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Monday, April 11, 2016

Why You Should Be Paying Attention To The Jewelry Industry Summit

JIS presentation by Dorothee Gizenga, executive director of Diamond Development Initiative 

By Teresa Frye, TechForm Advanced Casting

I was intrigued when I received an email last January promoting the inaugural “Jewelry Industry Summit.” an open forum on sustainability and responsible sourcing for our industry. Although I wasn’t sure quite what to expect with an open forum format, and was even less sure about what I might be able to contribute. I registered because I wanted to learn more about the emerging trend for responsible jewelry. As casters for the trade, my company is increasingly asked to provide certified recycled metal, and this is just one indicator among many of the consumer’s budding desires for ethically sourced materials.

The Summit was held in New York City on March 11-13 and was attended by 150 people representing a wide cross-section of the jewelry industry. I think it can best be described as a high-energy think tank. I was struck by the amount of talent in the room, ranging from seasoned early adopters of the green movement, to forward-thinking companies that want to stay one step ahead of the consumer’s desires, to even a few skeptics that think the whole notion is overblown. I was equally struck by the amount of passion in the room. There was a palpable sense of doing the right thing, for humanity, the planet and ultimately the jewelry businesses themselves. I have to say it stirred my inner activist in a way I have not yet experienced in this industry, and I’m the kind of person that gets stirred on a regular basis. It felt like more than just lively discussion; it seemed that a nascent movement was truly upon us.

Exaggeration? Perhaps. But one thing is for sure. If we as a trade don’t tell our own story, we risk that the consumer, or heaven forbid, Hollywood will. And they are not likely to get it right. The Summit was a pre-emptive strike on the path to our telling a good story. It was refreshing to see the trade pull together and focus solely on consumer concerns and the inherent importance of cleaning up the supply chain. We know for sure that diseases such as silicosis, the scourge of artisanal stone cutting, are 100% preventable through education and access to proper equipment. We know that Fairmining practices help indigenous populations to earn a just wage and not have to sacrifice their health just to put bread on the table. We know these things and now we are being called upon to act.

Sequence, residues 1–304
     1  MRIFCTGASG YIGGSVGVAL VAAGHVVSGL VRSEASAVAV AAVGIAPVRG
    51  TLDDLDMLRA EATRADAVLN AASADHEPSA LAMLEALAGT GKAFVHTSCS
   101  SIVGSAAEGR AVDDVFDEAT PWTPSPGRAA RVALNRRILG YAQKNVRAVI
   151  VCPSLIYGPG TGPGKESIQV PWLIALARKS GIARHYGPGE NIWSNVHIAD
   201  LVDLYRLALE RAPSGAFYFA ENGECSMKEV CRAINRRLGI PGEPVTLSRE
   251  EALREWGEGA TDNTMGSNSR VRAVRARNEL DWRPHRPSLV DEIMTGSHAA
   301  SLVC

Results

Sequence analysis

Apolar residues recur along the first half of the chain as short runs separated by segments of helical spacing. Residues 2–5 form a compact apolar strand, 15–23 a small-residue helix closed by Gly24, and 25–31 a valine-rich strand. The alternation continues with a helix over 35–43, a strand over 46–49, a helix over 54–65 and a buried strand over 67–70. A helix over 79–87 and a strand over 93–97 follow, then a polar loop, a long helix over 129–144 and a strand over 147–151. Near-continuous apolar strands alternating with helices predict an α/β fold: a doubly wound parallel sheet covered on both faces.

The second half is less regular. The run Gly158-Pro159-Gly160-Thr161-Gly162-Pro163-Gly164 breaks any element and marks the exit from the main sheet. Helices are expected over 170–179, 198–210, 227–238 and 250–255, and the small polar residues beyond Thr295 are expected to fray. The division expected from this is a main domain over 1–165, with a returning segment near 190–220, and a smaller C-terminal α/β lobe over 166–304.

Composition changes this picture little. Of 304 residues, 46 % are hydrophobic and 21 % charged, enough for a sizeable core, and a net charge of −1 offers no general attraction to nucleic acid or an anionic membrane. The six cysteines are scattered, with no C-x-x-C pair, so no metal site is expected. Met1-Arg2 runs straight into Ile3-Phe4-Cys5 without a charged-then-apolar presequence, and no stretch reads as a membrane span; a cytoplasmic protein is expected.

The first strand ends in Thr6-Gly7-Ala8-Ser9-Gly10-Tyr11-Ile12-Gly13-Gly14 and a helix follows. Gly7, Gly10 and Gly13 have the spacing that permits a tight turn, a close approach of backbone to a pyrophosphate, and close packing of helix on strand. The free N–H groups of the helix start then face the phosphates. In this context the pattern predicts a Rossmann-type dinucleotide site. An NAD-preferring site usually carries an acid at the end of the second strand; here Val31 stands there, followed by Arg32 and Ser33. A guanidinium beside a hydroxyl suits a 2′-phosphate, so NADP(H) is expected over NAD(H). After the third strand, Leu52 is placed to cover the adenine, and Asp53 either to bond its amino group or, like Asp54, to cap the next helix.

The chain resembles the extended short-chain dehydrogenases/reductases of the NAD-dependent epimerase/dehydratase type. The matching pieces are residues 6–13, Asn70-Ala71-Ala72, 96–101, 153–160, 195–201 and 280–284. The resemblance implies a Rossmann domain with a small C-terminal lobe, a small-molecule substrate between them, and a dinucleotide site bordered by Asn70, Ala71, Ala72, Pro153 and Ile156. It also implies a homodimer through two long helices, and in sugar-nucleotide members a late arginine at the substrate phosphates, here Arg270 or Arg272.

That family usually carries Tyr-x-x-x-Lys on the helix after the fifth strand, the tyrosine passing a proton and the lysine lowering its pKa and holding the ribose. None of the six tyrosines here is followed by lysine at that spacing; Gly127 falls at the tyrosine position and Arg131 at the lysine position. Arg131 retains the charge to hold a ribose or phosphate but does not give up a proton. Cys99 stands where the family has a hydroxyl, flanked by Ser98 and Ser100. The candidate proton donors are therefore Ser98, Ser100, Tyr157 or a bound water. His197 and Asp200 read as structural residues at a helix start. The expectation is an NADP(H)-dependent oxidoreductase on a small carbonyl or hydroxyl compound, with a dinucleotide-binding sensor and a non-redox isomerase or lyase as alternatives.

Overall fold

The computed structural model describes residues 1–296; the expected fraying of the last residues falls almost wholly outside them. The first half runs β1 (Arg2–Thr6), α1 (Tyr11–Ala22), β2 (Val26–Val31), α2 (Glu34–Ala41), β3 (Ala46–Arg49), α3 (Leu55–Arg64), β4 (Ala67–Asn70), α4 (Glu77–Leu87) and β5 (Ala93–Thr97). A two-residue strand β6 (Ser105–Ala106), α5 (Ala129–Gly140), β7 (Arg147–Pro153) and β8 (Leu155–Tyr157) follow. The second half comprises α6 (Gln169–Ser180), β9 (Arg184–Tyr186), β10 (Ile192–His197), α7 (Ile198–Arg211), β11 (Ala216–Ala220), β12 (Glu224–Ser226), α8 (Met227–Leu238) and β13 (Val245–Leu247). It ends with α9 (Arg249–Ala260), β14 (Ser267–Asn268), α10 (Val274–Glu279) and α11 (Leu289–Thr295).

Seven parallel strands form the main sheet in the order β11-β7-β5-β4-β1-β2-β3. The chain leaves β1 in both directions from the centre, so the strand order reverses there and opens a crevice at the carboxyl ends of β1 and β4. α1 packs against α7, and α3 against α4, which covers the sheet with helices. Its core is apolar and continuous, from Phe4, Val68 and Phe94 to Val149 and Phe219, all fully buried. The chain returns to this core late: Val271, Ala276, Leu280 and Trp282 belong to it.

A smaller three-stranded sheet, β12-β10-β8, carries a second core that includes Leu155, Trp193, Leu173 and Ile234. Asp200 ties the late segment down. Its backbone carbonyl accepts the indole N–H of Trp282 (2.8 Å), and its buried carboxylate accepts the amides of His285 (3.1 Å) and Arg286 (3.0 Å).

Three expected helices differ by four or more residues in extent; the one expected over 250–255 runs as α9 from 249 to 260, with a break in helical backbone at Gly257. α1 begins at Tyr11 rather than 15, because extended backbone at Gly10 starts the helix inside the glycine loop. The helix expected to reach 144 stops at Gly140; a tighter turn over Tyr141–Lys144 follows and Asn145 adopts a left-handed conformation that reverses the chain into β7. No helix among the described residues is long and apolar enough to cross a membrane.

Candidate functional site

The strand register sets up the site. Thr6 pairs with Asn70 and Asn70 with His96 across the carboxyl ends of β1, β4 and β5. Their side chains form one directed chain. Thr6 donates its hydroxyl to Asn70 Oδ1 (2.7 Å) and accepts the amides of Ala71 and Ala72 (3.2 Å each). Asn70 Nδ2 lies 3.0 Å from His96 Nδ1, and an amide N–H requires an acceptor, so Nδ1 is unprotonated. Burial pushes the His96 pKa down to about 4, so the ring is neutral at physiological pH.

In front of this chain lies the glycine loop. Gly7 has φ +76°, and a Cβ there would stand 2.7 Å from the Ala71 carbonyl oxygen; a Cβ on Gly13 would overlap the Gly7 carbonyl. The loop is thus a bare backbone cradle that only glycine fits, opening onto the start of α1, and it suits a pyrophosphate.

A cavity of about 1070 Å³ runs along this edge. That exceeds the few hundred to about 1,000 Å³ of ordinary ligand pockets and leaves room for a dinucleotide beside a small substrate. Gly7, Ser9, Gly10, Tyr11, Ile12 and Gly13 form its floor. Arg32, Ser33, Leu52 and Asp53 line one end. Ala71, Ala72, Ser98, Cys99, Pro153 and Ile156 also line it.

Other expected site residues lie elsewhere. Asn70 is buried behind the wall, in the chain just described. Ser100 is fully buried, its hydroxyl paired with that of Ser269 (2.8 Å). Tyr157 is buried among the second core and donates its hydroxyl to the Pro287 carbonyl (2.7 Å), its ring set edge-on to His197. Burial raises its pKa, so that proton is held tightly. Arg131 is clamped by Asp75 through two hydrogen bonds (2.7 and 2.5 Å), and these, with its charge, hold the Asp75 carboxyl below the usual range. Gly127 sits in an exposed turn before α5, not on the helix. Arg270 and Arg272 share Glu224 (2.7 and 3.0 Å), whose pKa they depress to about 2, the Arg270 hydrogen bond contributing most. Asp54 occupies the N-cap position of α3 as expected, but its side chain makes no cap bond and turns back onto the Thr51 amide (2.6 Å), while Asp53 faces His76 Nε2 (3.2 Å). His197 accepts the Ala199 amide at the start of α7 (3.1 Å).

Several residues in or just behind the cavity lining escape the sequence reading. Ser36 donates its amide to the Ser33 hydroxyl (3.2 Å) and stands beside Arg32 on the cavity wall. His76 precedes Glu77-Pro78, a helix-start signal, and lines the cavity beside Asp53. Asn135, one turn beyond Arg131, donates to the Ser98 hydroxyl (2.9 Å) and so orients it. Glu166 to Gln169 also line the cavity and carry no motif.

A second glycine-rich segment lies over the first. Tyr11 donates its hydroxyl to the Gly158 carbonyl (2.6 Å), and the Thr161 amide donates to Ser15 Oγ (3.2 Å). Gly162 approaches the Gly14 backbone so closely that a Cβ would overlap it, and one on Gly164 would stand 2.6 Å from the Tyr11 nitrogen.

Infrastructure towards a more sustainable supply chain already exists in the form of NGOs and non-profits like the Organization for Economic Co-operation and Development (OECD) in France, and Diamond Development Initiative (DDI) in Canada, among many others. In addition, non-profit international standards organizations that range from mine to retail such as the Responsible Jewellery Council also offer companies a road map to ethical sourcing. It seems to me that this is an opportunity we can choose to embrace, or alternatively choose to ignore in the hopes that consumer demand to know where products come from is just a passing fad. While no one denies this is a tall mountain to climb, it’s time to strap on our crampons and take the high road.

Read the entire JIS Final Report released March 31 here.

For more information the Jewelry Industry Summit’s upcoming events click here.

Teresa Frye is founder of TechForm, which specializes in the casting of platinum group metals for the jewelry, medical, and aerospace industries. She is also founder of the Portland Jewelry Symposium, an annual gathering of custom jewelers, designers, and retailers described as a “great think tank” for jewelers who are passionate about their craft. Frye is a renowned specialist on the casting of platinum group metals who speaks at jewelry events throughout the world. 

Please join me on the Jewelry News Network Facebook Page, on Twitter @JewelryNewsNet, the Forbes website and on Instagram @JewelryNewsNetwork

1 comment:

  1. The Responsible Jewellery Council may be a nonprofit in name, but in action and in standard it is a mining industry greenwash. For a comprehensive analysis,

    More Shine that Substance:
    How RJC certification fails to create responsible jewelry